“I was a hydro-ceramic engineer,” Thompson says of his first job, as a dishwasher at the Free State Brewery in Lawrence. “But it was just about getting in the door because the response to the brewery opening was crazy. It was packed since they opened.”
"Technology is awesome if you use it the right way, but I feel like so many people are missing their lives because they're talking to someone while texting." Barden says. "It's the same thing with cookies. Why do you have to settle for buying a shitty bag of cookies?"
Today she explains why her restaurant, Succotash, is selling Christmas cookies this year. On Thursday, Barden talked about her first restaurant job in Kansas City at YJ's. On Friday, she sang the praises of savory sweets.
"How could you not smile eating a piece of this cake?" she asks. The rainbow-colored interior and dusting of glitter turn the cake into an edible carnival — a reminder to Barden and her guests that this whole food thing is supposed to be fun. Today, she shares just why she might be having more fun in the kitchen than in any other time in her career. Yesterday, Barden shared that restaurant ownership just skipped two generations in her family. And Monday, she talks about the Christmas cookies that Succotash is making this holiday season.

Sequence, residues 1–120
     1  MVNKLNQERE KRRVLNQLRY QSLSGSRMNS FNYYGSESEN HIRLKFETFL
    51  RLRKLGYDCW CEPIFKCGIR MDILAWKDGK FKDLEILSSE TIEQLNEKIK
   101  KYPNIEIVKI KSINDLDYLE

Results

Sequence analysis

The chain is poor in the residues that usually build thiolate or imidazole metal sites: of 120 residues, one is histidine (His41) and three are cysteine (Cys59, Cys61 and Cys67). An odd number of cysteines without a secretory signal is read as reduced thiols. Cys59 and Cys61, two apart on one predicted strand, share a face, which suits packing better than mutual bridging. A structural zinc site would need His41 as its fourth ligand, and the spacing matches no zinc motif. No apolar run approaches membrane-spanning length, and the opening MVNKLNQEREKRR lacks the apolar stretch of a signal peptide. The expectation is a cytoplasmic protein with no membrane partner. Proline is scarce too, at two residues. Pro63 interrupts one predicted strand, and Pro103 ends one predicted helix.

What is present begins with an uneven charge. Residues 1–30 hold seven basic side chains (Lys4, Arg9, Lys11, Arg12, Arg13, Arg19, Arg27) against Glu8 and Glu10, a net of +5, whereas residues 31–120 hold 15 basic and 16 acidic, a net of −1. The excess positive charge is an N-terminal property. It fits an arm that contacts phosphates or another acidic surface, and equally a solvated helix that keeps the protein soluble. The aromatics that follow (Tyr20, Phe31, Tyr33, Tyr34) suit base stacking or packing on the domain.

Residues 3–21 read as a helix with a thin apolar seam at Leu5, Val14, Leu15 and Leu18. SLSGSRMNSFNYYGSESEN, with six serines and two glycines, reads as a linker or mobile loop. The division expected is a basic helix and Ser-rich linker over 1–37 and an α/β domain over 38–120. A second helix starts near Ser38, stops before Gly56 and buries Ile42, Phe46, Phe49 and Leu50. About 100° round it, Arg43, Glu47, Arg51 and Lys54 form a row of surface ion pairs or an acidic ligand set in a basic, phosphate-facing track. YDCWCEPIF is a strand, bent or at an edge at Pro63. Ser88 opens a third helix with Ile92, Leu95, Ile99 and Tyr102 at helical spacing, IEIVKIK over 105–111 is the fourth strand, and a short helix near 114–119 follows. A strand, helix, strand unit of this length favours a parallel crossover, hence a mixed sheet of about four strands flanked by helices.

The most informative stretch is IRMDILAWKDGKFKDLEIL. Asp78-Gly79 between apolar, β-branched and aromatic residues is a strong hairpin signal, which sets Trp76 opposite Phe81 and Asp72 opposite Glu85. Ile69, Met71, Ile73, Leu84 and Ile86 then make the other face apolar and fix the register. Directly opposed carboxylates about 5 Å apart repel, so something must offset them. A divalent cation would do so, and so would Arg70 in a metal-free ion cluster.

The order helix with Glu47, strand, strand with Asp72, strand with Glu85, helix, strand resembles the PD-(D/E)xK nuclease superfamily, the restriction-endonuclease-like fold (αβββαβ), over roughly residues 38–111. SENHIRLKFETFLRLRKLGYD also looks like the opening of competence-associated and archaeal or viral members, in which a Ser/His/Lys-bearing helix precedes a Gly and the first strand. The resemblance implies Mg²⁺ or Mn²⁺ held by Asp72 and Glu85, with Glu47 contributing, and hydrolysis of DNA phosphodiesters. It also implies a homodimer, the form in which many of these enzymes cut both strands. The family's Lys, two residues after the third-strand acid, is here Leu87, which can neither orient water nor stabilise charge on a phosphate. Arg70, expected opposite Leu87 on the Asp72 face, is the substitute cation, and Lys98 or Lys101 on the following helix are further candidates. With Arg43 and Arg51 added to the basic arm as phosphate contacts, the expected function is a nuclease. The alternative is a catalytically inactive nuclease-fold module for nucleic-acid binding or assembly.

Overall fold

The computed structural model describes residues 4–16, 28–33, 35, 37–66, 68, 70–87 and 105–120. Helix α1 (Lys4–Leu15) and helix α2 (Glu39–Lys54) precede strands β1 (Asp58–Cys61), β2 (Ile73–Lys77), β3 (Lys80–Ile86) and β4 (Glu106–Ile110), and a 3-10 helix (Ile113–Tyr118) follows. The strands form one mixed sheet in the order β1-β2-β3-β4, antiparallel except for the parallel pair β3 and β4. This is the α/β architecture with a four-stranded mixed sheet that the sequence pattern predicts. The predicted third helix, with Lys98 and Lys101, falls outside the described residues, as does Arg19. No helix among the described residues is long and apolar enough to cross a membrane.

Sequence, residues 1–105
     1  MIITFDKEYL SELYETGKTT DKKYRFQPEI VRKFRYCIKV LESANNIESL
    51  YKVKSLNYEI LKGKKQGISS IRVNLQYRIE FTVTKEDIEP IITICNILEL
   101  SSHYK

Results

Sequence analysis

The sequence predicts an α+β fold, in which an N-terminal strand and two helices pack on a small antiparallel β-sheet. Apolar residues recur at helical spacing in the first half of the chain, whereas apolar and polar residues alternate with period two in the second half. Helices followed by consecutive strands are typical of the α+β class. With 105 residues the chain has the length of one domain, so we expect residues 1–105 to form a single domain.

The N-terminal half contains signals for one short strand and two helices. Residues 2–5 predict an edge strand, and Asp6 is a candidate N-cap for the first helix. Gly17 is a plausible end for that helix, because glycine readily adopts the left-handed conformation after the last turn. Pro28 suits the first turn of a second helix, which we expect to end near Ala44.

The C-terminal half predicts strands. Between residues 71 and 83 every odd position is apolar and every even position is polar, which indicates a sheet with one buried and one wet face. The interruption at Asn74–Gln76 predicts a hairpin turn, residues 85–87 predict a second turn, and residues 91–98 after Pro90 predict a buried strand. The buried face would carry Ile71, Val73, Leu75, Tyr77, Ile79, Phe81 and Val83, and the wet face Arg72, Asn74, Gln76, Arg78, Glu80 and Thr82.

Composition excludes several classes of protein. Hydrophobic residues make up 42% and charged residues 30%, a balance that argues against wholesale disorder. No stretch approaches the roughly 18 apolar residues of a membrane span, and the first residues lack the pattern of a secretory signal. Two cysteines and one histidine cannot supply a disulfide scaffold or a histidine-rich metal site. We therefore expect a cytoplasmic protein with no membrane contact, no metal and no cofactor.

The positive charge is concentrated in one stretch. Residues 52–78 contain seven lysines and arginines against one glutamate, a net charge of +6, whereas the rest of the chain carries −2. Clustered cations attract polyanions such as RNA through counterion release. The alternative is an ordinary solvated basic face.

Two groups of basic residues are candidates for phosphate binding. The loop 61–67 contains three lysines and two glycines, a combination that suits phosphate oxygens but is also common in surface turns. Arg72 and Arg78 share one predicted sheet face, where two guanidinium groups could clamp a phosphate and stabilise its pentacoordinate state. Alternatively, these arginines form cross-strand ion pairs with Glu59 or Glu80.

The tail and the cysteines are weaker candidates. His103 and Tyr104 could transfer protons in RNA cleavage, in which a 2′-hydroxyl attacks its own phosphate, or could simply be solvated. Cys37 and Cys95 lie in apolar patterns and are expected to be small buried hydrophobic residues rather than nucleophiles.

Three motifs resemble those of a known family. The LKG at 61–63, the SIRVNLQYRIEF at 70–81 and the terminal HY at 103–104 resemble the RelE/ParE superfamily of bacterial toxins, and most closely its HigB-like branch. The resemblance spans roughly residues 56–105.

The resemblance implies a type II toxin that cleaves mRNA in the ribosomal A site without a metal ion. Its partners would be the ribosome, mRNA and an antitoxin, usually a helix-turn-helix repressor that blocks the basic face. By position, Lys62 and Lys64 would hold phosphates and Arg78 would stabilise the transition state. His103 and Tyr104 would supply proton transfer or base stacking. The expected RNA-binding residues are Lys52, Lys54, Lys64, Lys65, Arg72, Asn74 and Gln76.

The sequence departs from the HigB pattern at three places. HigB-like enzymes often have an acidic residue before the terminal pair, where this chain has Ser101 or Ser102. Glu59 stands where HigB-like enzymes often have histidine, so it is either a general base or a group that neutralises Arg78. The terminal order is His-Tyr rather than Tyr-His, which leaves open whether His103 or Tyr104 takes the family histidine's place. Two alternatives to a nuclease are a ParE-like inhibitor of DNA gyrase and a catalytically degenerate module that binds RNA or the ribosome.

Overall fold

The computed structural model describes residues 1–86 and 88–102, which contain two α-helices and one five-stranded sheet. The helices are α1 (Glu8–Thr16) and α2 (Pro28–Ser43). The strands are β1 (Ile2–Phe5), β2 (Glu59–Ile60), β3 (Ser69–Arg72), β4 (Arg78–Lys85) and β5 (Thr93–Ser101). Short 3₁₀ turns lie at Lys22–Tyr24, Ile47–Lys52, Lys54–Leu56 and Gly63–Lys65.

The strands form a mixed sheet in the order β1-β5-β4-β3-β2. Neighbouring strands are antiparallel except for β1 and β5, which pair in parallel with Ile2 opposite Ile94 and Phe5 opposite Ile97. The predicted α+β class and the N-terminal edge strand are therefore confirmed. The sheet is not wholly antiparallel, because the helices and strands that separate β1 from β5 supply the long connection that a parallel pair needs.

On Wednesday, she shared how she launched her company at the age of 25, and yesterday, she explained how her company's name was an homage to Kansas prairie women, albeit without the corsets of their age.
Yesterday, she talked about how she has been baking all her life. Tomorrow, Simmons talks about the perfect pie.
This is your grandma's pie, but it just happens to come from someone of her granddaughter's age. Rachel Lora Simmons, the 25-year-old owner of Petticoat Pies, moved into a space in the Farmhouse kitchen this past September. For the past two months, downtown eaters have been discovering that the new generation has a lot to say about one of the most traditional comfort foods: pie.
"I like my fried chicken," chef Matthew Arnold says after a bit of prodding on whether Kansas City or the Southern states where he has lived and cooked have better pan-fried chicken.
The executive chef at Webster House talks today about how he would compose a proper Southern plate, including how he makes his grits. On Thursday, he explained how he started his restaurant career at Houlihan's, and on Friday, he explained why he reps Kansas City barbecue wherever he goes.
"It was like the movie, Cocktail," Matthew Arnold says. Yesterday, he talked about his first job and his travels outside of Kansas City, while tomorrow he shares his vision for a proper plate of Southern food.
"The opening has really changed the dynamic by putting us in the spotlight, and that's been a great push," Arnold says. "Both culturally and foodwise in Kansas City, we're going to start being recognized."
Whataburger. Love that place.
Home Run Inn Pizza from Chicago.
Replace all the Chipotles with Illegal Pete's from Denver.
IN-N-OUT Burger!! But if we're talking high end dining, I wish we had a Momofuku…
WHATABURGER, White Castle, In and Out Burger, Sbarro, TCBY Frozen Yogurt and a Dunkin Donuts…